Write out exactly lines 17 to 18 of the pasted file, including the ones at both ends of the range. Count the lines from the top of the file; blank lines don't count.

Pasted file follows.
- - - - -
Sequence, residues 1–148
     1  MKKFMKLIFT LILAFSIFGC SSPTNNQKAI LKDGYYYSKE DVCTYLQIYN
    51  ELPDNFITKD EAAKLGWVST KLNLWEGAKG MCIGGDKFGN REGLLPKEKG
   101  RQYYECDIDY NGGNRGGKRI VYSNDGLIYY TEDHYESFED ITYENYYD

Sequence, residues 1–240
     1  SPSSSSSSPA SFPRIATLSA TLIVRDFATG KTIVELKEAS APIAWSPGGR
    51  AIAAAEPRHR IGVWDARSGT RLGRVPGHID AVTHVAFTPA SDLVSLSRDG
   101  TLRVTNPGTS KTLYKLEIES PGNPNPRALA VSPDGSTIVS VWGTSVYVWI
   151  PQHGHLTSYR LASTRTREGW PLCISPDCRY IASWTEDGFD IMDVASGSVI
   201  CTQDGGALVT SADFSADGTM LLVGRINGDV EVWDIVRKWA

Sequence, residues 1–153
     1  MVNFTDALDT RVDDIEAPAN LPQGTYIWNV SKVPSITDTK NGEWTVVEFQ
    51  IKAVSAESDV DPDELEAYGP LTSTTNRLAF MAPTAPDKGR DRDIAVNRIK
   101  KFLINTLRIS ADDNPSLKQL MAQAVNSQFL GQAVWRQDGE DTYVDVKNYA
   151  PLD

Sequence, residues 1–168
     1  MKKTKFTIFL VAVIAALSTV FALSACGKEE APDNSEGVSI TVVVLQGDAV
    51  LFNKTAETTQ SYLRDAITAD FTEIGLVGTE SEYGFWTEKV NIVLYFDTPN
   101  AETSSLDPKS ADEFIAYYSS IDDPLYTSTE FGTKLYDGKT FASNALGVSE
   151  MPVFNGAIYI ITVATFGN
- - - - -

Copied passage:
     1  MKKTKFTIFL VAVIAALSTV FALSACGKEE APDNSEGVSI TVVVLQGDAV
    51  LFNKTAETTQ SYLRDAITAD FTEIGLVGTE SEYGFWTEKV NIVLYFDTPN